That process is also time consuming. I expect the full new UDO may take 12 months or more to be put into place. What I want to share today is some of the interim steps we should take, in my view, in the shorter term, to keep up our momentum and indeed to help inform the CMP and UDO processes with more information.

Interim Pilot Steps: In the short term, while we work through the public input and approval process for the Comprehensive Master Plan the administration will focus on pilot projects with limited numbers of housing units and/or in limited geographical areas that will allow us to experiment with solutions at a modest scale and refine our current incentives to be able to do more in the area of affordable housing. I also am announcing today the plan to convene a Task Force to advise and steer development of affordable housing approaches in connection with the Plan Commission and Common Council. So to the details:

  1. Accessory Dwelling Units. Accessory dwelling units (ADUs) are a simple and old concept - a second smaller dwelling on the same grounds as a primary residence. Also known as 'granny flats,' 'in-law suites' or other names, they may be an apartment over a garage or in a basement, or a carriage house, tiny house etc. Whatever the physical form, they typically cannot be separated legally from the primary residence. ADUs can allow additional housing stock to be added to the overall housing supply-an added "density without intensity," merging home ownership and rental properties onto single zoning lots, creating more affordability and mixed income levels within neighborhoods, and for example allowing more opportunities for seniors to age in core neighborhoods or in place.

    The administration will ask the Plan Commission and Common Council to amend the Unified Development Ordinance as soon as possible to permit, on a pilot basis and limited to owner-occupied properties, up to 20 accessory dwelling units in certain neighborhoods or areas as well as the Residential Single-Family zoning district.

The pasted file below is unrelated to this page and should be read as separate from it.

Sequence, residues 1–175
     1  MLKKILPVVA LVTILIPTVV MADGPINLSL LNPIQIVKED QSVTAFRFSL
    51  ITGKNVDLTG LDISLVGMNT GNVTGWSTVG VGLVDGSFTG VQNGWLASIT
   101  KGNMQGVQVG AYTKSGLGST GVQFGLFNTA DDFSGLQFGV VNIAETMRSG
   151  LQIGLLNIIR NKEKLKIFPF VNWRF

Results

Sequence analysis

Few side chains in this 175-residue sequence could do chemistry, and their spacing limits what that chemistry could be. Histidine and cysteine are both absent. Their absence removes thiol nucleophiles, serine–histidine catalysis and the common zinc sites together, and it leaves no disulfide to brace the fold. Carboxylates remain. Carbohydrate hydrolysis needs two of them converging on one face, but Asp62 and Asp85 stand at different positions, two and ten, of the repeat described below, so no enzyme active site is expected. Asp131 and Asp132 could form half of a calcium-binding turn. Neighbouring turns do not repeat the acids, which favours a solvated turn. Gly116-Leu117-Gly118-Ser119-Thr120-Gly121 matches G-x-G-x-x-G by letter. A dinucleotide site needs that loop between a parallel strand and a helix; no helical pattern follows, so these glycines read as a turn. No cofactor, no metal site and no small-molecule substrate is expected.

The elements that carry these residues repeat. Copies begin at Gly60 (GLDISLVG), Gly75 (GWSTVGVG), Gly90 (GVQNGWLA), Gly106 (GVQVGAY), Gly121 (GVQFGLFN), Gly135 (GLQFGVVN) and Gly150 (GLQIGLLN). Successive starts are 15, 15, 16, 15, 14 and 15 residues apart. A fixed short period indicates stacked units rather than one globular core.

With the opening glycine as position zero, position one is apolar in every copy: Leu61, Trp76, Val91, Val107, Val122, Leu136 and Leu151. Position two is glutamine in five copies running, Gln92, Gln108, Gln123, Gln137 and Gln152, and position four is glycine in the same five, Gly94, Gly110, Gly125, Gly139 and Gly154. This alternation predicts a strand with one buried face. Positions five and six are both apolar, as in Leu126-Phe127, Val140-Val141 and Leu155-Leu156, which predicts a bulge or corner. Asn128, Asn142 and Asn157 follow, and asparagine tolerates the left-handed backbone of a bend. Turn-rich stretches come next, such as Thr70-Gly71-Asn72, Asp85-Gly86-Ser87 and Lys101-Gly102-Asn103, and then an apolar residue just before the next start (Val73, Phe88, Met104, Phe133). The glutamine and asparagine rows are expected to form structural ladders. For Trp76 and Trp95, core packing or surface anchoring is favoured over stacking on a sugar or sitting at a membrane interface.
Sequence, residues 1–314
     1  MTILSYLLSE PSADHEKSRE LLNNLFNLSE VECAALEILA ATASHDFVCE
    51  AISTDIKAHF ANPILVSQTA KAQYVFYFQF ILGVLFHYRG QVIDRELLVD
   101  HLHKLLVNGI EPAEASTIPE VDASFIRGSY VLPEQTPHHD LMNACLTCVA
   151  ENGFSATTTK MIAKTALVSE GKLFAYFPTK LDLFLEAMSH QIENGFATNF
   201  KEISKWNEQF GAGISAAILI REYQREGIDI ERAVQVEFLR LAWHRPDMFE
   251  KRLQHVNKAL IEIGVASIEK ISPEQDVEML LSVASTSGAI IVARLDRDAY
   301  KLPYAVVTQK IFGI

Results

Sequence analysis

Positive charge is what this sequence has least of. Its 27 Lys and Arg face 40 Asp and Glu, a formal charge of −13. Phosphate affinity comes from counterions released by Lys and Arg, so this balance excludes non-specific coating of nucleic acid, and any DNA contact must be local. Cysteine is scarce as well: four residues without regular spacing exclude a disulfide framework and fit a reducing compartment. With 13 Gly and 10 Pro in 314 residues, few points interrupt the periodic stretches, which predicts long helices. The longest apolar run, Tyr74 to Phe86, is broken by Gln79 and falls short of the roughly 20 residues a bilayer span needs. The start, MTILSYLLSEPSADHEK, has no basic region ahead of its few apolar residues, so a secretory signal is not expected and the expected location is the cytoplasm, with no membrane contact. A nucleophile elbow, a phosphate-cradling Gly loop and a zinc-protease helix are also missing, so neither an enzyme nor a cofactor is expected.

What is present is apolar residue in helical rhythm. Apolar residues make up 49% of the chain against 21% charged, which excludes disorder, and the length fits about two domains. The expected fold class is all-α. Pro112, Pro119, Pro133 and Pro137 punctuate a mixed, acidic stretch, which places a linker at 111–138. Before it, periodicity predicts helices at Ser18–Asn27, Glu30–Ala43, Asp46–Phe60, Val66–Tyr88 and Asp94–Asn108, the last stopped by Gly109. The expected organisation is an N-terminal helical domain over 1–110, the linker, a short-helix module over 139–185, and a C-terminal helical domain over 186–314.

2. Tiny Houses. Tiny houses are a national trend of homes that are typically smaller than 400 square feet, and as small as 80 square feet. Their small footprints and square footage make them inherently affordable as well as typically environmentally more sustainable. Permitting tiny houses will allow individuals who may not otherwise be able to afford to own their own homes the opportunity to do so, and may further permit a better mixing of differing socioeconomic classes

    The administration will ask the Plan Commission and Common Council to amend the Unified Development Ordinance as soon as possible to permit, on pilot basis, up to 15 tiny houses in the following zoning districts: Residential Single-Family and Residential Core.

  3. Inclusionary Zoning. Inclusionary zoning refers to an approach that requires or incentivizes private developers of market rate housing to support affordable units as well, by either providing a certain amount of lower-priced, more affordable units within a proposed development, or providing affordable units offsite from the project, or contributing a monetary fee directly to support affordable units created by others.

    In the short term, the administration will work with the Plan Commission and Common Council to employ strategies that encourage developers to include affordable units in their projects, or alternatively, contribute to a city affordable housing fund, based on the intensity and nature of the proposed projects. The administration will also work with the Plan Commission and Common Council to develop and implement an inclusionary zoning ordinance that will balance zoning requirements along with incentivizing developers to provide affordable housing in connection with new developments.

  4. Cooperative Housing. Cooperative housing is membership-based housing programs, with membership granted by way of a share purchase in the cooperative home. Housing cooperatives lets members' pool their resources so that their buying power is leveraged, thus lowering the cost per member of home ownership, which in turn allows for a greater number of individuals to own their own homes.

    Cooperative housing is currently permitted in only very limited locations in Bloomington. The administration will ask the Plan Commission and Common Council to amend the Unified Development Ordinance to permit cooperative housing units in additional locations throughout the city.

  5. Long Term Affordability Covenants. Affordability covenants are legal requirements associated with particular pieces of property that require the subject land to remain at a specified rate for a particular period of time. This administration will encourage the use of very long-term and/or life-of-the-building affordability covenants that range from 50 years to permanently affordable.

  6. Housing Fund. The administration intends to create a new non-reverting fund with Common Council approval in which it can deposit donations or grants, like the one million dollars committed in connection with the Dunhill project, or from other sources such as the Bloomington/Monroe County Housing Trust Fund. To be refined in collaboration with the City Council, this fund can support our community's affordable housing initiatives.

  7. Incentives: The administration will look at all forms of subsidies currently available at the local, state and federal levels.